Simultaneously, the administration decided to dial-up the heat of its "maximum pressure" by cutting off sanction exemption to all countries purchasing Iranian oil. To deter Iranian possible counter-measures against American interests and troops, the U.S. has beefed up its deployed forces in the Gulf coupled with blunt, but not very credible, messaging ("If Iran wants to fight, that will be the official end of Iran"; "unrelenting force").
What does Iran seek to achieve? Conventional wisdom has it that Iran's announcement that it will no longer comply with some of its commitments under the nuclear deal and that it intends to increase the level of uranium enrichment in two months' time is intended to pressure the EU to put in place the instruments to bypass the American sanctions and allow Iran to export oil and maintain its access to financial markets.
Simultaneously, Iran launched proxy attacks against oil tankers and facilities in the UAE and Saudi Arabia to press the U.S. to weaken the sanctions that prevent it from exporting oil and severely harm its economy, while deterring the U.S. from taking military actions against it. This is also against the possible backdrop of Iran choosing to realize its threats to expand its nuclear program and clearly violate its commitments under the nuclear deal.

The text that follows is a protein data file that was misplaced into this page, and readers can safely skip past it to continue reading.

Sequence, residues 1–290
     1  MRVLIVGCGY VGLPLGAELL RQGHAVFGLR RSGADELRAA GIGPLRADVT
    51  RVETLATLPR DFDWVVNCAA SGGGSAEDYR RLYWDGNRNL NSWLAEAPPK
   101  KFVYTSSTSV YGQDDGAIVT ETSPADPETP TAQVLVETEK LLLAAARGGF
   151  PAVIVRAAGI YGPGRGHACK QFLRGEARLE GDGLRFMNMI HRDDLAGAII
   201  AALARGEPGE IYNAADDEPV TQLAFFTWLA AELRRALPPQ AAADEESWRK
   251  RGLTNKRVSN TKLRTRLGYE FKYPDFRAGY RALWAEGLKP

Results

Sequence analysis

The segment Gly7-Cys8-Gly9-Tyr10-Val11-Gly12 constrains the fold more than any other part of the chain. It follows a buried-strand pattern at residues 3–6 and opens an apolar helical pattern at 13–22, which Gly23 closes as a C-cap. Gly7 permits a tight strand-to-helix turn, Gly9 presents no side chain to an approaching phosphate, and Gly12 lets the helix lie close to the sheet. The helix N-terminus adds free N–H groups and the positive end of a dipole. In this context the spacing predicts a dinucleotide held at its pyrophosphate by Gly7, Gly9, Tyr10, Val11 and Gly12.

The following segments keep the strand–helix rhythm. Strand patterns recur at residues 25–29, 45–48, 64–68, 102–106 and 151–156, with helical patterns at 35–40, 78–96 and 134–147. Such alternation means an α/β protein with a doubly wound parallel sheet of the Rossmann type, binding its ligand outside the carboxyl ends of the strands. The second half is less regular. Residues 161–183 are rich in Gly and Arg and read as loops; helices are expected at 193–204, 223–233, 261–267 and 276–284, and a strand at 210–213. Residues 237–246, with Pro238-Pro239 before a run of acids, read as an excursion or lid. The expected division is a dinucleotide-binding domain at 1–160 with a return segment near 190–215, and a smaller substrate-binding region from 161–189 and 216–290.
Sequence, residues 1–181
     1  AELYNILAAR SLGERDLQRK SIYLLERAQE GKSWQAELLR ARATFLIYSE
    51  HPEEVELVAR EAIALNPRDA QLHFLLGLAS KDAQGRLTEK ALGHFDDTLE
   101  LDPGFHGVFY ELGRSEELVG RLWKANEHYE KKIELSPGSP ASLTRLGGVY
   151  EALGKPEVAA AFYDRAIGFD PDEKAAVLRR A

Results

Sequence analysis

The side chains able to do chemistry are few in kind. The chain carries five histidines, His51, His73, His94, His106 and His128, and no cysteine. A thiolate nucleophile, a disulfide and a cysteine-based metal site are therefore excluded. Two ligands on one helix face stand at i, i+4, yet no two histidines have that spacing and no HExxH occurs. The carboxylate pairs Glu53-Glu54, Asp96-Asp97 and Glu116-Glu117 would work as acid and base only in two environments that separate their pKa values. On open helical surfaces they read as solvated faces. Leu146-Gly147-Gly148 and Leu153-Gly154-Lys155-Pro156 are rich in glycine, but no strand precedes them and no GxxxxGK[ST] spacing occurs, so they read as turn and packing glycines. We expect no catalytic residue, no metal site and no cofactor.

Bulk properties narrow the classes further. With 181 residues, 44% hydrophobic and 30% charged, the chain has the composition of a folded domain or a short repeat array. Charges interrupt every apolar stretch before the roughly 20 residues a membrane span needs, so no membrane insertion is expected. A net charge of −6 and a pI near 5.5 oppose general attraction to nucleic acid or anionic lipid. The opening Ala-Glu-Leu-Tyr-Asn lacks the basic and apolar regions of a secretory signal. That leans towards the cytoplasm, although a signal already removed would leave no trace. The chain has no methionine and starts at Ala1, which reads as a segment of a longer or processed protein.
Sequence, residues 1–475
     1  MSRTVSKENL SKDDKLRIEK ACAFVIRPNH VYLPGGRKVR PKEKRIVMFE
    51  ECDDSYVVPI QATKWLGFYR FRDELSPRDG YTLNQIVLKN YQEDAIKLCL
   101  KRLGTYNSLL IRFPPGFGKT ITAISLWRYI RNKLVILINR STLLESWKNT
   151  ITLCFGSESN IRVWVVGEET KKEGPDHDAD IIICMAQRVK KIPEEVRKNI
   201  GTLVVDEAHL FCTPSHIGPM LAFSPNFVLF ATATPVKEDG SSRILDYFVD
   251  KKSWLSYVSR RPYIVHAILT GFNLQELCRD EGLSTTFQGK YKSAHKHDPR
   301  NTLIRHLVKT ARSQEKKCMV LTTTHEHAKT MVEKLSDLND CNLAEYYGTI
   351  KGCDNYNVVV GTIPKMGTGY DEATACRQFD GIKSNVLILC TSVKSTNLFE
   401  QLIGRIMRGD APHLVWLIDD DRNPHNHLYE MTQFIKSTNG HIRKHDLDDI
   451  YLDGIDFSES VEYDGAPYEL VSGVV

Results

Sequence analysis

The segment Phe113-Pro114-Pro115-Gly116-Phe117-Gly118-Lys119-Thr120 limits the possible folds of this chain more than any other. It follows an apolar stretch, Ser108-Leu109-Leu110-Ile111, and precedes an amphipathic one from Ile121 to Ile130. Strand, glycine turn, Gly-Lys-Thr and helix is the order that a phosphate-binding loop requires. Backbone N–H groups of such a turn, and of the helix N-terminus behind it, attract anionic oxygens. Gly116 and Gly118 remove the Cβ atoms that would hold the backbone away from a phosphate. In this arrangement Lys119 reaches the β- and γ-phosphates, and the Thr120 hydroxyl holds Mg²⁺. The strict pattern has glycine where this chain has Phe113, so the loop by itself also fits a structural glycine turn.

However, it's possible to offer a different, and not less plausible, assessment of Iran's conduct. A blatant violation of Iran's commitment under the nuclear deal is not expected to lead Europe to comply with Iran's demands to bypass American sanctions. Actually, this might trigger European sanctions against Iran to the point of Europe joining the U.S. and mounting isolation of Teheran. Furthermore, it seems Iran does not have high expectations with regards to the INSTEX mechanism. Back in January, the secretary of the Supreme National Security Council of Iran, Amir Ali Shamkhani, stated that Europe's window of opportunity to help Iran to realize the financial benefits of the nuclear deal has closed. Furthermore, it does not seem plausible that the Iranian regime believes that the American administration will cave-in and relief the pressure of sanctions in face of terror attacks and military threats.